The side paths and spacious combat zones are the best part about the campaign. Even if the area doesn’t offer as exciting a firefight as others, there’s generally something going on to supplement for thrills, such as massive action in the background or greater leeway for wheeled vehicles (sometimes a Spartan just needs to do donuts in a Warthog and fire wildly). The tighter, less-floaty controls also help to keep the more mundane encounters lively. Things change heading into the final act. The large areas are replaced by elongated and widened corridors that tend to blend together. As both squads make their way through the same areas, the level similarity is matched by similar encounters, turning the last chunk of the game into a lengthy slog. It’s a shame the final scenarios weren’t as bold as the ending.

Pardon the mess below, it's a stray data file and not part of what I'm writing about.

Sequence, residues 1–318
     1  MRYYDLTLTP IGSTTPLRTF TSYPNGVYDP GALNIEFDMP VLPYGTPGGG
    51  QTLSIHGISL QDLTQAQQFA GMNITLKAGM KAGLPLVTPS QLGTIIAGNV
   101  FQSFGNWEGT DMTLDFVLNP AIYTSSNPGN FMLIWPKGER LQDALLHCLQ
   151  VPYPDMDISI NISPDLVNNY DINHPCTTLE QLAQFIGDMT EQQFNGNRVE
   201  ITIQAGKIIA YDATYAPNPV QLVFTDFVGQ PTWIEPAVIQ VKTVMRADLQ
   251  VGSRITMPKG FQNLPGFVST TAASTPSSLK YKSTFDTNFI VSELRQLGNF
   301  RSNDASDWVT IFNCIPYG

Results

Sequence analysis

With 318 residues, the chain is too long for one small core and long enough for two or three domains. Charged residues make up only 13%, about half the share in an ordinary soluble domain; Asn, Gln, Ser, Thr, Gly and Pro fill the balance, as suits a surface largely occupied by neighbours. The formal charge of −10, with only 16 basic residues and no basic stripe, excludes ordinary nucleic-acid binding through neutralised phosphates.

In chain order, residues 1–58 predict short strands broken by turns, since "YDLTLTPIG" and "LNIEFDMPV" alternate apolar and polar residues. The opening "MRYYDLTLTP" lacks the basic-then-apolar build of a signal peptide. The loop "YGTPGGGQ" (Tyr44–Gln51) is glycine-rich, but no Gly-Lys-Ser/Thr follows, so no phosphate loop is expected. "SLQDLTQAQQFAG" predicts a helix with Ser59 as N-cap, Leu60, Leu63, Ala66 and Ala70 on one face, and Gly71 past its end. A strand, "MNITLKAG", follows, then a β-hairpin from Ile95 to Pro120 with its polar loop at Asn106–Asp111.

After tackling Covenant and Promethean forces, it’s time to battle the wiliest faction: other players. Multiplayer has three primary modes which include Arena, Warzone, and Custom. Arena hosts a handful of playlists: slayer, free-for-all, team arena (a ‘best of’), breakout (single life), and swat (no shields or motion tracker, emphasis on headshots). Custom offers access to a few more, such as capture the flag, strongholds, shotty snipers, and neutral flag, which can be searched per map and by a variety of filters (shield recharge speed, damage resistance, etc.). However, the most notable addition is Warzone, which is comprised of Warzone and Warzone Assault. The basic premise is the same for both with two teams of 9-12 players facing off against one another on a sizable map to destroy the opponent’s base core; victory is also possible in Warzone by reaching 1,000 points. In a nice touch, well-meaning but not terribly deadly AI marines also guard the core. The main base is buffeted by surrounding buildings that can be captured by either side, and these turn into hot spots as players try to secure the defensive structures and their associated REQ stations. Warzone tosses in random assaults by the AI, with each defeated grunt and boss adding more to the victor’s points. Warzone Assault removes the random AI drops and tasks one team with taking multiple buildings in succession while the other attempts to stop them until a countdown timer reaches zero. Each taken building resets the timer as the assaulting force moves on to the next structure. Both modes are chaotic, exhilarating, and a lot of fun.